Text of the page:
Treatment delay and reliance on private physicians among patients with sexually transmitted diseases in China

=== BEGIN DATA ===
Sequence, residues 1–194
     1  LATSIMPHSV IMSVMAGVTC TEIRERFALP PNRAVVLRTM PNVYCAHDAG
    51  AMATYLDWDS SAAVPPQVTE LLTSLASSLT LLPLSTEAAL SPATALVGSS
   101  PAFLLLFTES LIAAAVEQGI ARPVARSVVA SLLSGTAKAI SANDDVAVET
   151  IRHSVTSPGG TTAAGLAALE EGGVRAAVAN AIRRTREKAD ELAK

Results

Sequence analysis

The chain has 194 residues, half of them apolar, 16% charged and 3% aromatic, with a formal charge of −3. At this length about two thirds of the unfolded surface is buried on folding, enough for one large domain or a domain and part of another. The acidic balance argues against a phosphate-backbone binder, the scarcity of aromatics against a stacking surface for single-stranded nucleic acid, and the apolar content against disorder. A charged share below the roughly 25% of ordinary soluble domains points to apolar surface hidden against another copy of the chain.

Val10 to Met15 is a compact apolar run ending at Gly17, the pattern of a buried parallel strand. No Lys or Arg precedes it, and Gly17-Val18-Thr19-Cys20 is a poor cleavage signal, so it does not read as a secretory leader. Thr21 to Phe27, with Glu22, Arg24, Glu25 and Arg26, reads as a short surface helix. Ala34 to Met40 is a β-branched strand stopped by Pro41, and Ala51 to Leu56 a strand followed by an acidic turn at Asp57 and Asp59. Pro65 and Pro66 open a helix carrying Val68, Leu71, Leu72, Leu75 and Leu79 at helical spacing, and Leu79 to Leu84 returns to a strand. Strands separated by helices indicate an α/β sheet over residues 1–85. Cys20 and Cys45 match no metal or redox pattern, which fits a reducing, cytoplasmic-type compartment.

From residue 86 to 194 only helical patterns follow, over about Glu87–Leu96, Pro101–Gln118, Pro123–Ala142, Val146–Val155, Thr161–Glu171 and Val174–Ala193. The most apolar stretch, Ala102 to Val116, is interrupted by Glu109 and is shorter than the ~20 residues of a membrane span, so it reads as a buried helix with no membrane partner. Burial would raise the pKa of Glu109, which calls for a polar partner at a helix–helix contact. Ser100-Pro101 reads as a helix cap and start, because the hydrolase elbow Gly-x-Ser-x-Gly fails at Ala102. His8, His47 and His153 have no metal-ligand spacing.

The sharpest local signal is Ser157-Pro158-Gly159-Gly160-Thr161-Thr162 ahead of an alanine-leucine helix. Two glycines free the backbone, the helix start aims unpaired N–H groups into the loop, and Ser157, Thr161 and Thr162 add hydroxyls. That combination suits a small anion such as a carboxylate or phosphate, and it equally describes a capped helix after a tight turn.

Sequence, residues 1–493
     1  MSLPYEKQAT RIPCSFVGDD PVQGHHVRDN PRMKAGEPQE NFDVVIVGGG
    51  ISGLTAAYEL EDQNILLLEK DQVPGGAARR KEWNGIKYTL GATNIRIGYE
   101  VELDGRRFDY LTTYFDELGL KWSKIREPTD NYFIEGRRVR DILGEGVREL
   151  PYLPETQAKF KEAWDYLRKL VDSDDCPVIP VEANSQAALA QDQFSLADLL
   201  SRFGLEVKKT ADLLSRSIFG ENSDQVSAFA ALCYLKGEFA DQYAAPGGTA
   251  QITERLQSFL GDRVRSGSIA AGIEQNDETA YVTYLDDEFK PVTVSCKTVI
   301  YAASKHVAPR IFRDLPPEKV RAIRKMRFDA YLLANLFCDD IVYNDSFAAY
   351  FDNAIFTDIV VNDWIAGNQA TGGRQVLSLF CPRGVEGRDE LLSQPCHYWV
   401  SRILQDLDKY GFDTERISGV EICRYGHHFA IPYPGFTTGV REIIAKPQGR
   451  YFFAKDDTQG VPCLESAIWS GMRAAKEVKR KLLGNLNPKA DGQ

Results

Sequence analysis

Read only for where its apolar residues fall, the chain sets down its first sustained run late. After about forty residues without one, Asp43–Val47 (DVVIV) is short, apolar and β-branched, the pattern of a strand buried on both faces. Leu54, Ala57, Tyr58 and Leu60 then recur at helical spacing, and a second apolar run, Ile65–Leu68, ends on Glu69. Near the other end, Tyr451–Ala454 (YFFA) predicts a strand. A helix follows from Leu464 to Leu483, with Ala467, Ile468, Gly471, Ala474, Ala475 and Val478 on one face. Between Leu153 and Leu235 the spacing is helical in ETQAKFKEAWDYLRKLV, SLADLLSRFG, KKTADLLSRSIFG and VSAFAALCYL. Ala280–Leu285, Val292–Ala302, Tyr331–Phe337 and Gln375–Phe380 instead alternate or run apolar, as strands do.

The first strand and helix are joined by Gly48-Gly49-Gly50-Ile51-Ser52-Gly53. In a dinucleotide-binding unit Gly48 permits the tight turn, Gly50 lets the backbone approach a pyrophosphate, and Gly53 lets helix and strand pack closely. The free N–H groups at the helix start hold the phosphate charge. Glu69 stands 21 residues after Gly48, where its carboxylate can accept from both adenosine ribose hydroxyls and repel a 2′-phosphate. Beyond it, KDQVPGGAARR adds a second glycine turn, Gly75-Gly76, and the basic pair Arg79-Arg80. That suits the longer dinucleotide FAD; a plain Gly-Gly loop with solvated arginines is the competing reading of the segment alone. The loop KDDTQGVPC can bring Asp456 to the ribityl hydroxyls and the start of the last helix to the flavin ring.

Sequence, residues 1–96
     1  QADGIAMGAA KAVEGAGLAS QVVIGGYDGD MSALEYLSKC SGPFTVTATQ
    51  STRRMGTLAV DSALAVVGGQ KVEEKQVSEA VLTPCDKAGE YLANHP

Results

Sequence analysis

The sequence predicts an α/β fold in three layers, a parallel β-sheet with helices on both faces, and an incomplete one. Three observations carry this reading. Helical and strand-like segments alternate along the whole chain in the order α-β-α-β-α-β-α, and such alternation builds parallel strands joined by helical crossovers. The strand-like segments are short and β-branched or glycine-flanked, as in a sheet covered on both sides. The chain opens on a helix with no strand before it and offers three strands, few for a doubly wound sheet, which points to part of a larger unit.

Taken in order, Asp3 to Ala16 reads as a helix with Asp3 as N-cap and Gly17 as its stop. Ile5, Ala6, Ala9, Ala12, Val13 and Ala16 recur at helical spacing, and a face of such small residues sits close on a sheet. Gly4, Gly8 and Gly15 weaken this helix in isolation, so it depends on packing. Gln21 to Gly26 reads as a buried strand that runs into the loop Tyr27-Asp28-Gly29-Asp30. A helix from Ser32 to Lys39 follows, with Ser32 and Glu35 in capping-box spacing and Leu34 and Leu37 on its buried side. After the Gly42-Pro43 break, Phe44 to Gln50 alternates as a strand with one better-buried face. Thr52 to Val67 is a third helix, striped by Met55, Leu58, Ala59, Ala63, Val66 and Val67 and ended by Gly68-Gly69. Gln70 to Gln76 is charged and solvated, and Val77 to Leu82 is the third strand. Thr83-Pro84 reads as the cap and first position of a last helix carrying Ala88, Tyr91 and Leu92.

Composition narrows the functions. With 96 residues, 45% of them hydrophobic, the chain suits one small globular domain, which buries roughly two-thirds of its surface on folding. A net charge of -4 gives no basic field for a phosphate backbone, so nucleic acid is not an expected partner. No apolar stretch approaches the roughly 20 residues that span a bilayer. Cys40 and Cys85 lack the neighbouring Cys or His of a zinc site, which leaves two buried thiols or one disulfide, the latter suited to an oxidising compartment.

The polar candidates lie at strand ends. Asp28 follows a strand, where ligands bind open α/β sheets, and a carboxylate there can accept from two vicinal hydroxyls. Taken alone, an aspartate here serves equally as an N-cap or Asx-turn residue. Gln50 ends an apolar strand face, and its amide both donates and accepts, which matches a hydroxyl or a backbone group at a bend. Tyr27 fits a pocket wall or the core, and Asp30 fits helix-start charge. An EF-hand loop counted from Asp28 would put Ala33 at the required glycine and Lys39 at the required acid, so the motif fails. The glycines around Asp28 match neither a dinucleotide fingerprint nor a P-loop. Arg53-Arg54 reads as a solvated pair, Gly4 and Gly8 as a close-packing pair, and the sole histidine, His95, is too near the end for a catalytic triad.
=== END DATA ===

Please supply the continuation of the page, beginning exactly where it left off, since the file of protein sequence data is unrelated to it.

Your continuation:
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We examined health-care seeking practices among patients with sexually transmitted diseases (STDs) in south China. In 1995, we recruited a consecutive sample of 939 STD patients attending the STD clinics of the Municipal STD Control Centers of Guangzhou and Shenzhen, 'special economic zones' near Hong Kong. Attending physicians interviewed patients face-to-face using a standard survey questionnaire. Twenty-seven per cent of all subjects had sought treatment elsewhere for their presenting complaints, before visiting a study clinic. The main sources of prior treatment were private physicians followed by public clinics and drugstores. Women were more likely than men to delay in presenting their current symptoms to a study clinic (32% vs 25%, P=0.046). Factors associated with treatment delay differed by gender. Among men, seeking prior treatment from private physicians (OR=3.31; 95% CI=1.70, 6.43), having no urethral discharge (OR=4.00; 95% CI=2.33, 6.85), having engaged in sex trade (OR=1.64; 95% CI=1.03, 2.63), or being a resident in Shenzhen (OR=1.80; 95% CI=1.12, 2.89) were more likely to delay seeking treatment. Among women, only living in Shenzhen (OR=2.86; 95% CI=1.56, 5.25) was associated with treatment delay. Promotion of appropriate health-seeking behaviours and better management of STDs must be a top priority to slow a rapid spread of STD/HIV in China. Health education, improvement of STD care in the public and private sectors, and regulations of unauthorized private physicians, may help with STD control and HIV prevention.

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